You have to have some sympathy for Nicodemus. From all appearances, he was a person who wanted to do what was right. Although Jesus was not in favor with the leadership of Israel and Nicodemus was part of that group, he sought Jesus out (John 3) even though it meant putting him at odds with his peers.
Later, when John reports on Jesus’ visit to Jerusalem during the Feast of the Tabernacles, he tells us that the temple guards who had been sent to arrest Him came back empty-handed. They explanation they gave for their failure was that “No one ever spoke the way this man does” (7:46). They were ridiculed by the leadership who told them they had been deceived. At this point Nicodemus spoke up and posed a point of Jewish law very similar to our “innocent until proven guilty” principle in regard to Jesus. But he was also mocked. Admittedly, these are glimpses, but I think they are revealing glimpses that provide us with insight into Nicodemus’ character and present him to us as a conscientious person.
When we return to Nicodemus’ nighttime visit with Jesus in John 3 it all adds up. Here was a truth-seeking man unable to discount the signs (miracles) Jesus had been doing. He knew his peers didn’t look favorably on Jesus and was conflicted by that. However, if he thought his visit with Jesus would resolve this, he was about to be surprised for as someone has said, “The truth will set you free, but first it will make you miserable.”
When Nicodemus met with Jesus, he had quite an impressive resume. He was a Pharisee, a member of the Sanhedrin, a leader of his people. As a Jewish man he was part of God’s covenant people. In terms of his fleshly status which was legitimately part of the old covenant and illegitimately blown out of proportion by so many of the Jewish people of Jesus’ time—he was an insider with all of the attendant privileges. So I think we’re to get the idea that he felt pretty secure in his standing before God and fairly confident of his potential value to the kingdom Jesus was preaching (Mark 1:14-15).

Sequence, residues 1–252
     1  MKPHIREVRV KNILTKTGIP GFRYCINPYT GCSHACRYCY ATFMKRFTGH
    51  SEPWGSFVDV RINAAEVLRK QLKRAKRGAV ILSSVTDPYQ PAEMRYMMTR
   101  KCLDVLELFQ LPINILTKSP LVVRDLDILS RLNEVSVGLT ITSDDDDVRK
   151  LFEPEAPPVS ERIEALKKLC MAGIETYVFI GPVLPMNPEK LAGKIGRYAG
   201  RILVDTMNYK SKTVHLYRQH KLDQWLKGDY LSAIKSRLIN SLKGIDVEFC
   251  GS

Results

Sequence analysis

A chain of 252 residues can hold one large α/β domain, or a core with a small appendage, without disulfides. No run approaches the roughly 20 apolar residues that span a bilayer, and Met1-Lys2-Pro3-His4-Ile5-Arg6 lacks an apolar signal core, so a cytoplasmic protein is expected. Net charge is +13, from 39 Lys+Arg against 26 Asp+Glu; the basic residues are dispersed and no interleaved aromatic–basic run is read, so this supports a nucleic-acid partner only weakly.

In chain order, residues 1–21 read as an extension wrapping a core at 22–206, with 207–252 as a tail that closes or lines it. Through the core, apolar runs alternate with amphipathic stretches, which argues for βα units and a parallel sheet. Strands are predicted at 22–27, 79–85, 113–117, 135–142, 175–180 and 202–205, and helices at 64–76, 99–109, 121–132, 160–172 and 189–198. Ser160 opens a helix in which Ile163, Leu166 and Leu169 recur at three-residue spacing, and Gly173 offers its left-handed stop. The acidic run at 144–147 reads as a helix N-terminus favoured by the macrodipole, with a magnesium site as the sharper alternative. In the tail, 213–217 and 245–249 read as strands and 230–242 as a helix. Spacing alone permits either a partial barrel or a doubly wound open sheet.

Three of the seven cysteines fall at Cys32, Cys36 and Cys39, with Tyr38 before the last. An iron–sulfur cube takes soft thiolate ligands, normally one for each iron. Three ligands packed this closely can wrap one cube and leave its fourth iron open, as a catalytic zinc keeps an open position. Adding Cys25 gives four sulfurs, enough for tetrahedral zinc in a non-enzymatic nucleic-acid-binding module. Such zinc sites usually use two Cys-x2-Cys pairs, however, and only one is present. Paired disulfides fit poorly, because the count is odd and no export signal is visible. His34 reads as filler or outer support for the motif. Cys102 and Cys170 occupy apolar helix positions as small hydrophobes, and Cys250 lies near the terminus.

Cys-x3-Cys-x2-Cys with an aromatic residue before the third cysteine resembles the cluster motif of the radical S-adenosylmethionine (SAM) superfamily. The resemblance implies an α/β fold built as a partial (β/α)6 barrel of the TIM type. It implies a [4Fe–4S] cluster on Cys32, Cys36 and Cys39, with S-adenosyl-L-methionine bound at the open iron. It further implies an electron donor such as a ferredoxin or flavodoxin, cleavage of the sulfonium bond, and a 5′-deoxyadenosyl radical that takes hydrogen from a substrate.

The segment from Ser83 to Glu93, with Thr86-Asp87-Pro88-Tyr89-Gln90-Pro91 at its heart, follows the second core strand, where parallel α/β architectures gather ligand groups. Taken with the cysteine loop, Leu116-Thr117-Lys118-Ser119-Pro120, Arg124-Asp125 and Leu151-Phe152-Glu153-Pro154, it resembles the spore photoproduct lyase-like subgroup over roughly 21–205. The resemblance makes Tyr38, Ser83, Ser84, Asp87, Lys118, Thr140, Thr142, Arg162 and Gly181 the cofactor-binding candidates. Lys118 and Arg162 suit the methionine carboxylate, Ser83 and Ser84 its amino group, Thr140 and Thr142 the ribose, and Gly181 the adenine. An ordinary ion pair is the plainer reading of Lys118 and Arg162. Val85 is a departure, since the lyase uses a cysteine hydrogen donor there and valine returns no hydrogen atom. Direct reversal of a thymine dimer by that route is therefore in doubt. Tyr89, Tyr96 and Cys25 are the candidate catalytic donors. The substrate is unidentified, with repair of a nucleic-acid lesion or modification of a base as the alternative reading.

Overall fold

All of this sets us the stage for Jesus’ startling proclamation that Nicodemus needed to be born again (from above) in order to see the kingdom of God (John 3:5). Nicodemus is shocked—he had experienced the fleshly birth that brought him into the Jewish covenant but in the kingdom of Jesus it is the birth of the Spirit, not the flesh, that marks us as children of God (John 1:12-13). Nicodemus then is lost in the transition between the time of Israel and the time of Christ. But there’s more to the story concerning why Jesus told him he needed to be born of the water and Spirit than simply that . . .